New Research Center to Investigate Copyrights in a Digital World

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Wed, 02/13/2013 - 19:00 -- Nick Dager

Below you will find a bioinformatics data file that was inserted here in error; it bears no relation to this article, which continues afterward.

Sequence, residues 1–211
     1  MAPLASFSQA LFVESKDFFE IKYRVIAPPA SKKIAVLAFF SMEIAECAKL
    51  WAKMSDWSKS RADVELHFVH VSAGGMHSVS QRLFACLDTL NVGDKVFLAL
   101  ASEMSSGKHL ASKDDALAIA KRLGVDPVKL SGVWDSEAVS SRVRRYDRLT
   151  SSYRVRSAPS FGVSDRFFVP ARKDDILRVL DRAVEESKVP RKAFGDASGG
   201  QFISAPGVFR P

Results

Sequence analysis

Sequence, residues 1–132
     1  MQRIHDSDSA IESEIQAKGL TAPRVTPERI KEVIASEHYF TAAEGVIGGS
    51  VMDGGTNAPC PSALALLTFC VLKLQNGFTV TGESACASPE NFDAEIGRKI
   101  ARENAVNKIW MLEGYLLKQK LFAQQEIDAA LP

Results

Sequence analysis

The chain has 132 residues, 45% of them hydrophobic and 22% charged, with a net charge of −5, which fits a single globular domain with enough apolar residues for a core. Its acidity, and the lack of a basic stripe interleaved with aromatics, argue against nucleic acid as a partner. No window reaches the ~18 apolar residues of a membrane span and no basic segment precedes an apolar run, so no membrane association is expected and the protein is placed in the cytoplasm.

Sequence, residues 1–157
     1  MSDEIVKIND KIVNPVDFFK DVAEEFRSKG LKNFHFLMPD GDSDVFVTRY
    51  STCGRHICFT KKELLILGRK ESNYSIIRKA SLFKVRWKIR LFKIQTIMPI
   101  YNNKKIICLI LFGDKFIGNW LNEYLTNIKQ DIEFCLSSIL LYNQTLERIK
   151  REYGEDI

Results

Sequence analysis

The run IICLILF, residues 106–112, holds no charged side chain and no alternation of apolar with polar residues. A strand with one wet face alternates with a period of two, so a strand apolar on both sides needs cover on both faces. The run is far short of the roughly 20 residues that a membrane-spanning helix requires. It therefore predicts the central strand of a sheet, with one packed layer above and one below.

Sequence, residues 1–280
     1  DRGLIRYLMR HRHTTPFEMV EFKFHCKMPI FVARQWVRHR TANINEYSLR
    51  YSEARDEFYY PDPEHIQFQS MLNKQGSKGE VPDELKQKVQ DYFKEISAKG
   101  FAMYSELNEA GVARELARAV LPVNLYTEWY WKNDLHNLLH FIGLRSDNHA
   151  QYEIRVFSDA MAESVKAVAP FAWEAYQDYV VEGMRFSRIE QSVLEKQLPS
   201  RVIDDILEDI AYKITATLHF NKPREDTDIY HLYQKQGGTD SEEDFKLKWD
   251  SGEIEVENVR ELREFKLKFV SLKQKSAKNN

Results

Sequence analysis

A new center dedicated to examining the changing nature of copyright and the need for new business models in the digital age has been launched at the University of Glasgow. The Center for Creativity Regulation Enterprise and Technology (CREATe) brings together internationally renowned researchers from seven UK universities who will work to address the challenges an increasingly digital world presents to government business and content creators. Over the next four years 40 CREATe projects focused on the intersections between culture the economy and technology will offer policymakers invaluable analyses for developing new regulatory frameworks. The research will also play into debate about the growth of new and emerging services.  CREATe’s projects are led by experts in law business economics technology psychology and cultural analysis and are funded by a £5m investment from UK research councils. Over the funding period the University of Glasgow is committing a further £1.7m to research posts and PhDs in the Colleges of Arts and Social Sciences to establish CREATe as an international center of research excellence. CREATe director professor Martin Kretschmer said “The vast expansion of access to digital technology in recent years has created tremendous opportunities for the UK creative sector which generates around £60bn each year or six percent of the UK economy. As the sector increasingly moves towards digital content copyright issues are becoming more important than ever. Studies have shown that between 60 percent and 70 percent of young people illegally download music movies or TV shows but often those who download most are also the best customers. Producers are being forced to rethink their ways of doing business. As a professor at the University of Glasgow’s School of Law I’m very proud that CREATe will be based here and that our funders have made such a significant investment in a project of real importance.” Professor Rick Rylance chief executive of the AHRC said “The creative economy is of the greatest importance to the economic health and the cultural life of our country. We are in the midst of the profound transformations brought about by the digital revolution. Understanding these changes and the challenges and opportunities they present is crucial to our future in law regulation business the cultural sphere and other areas. This is why the foundation of CREATe is so important and why it is equally important that it brings together the different research councils and other agencies to support its work. We have high hopes of its great success.”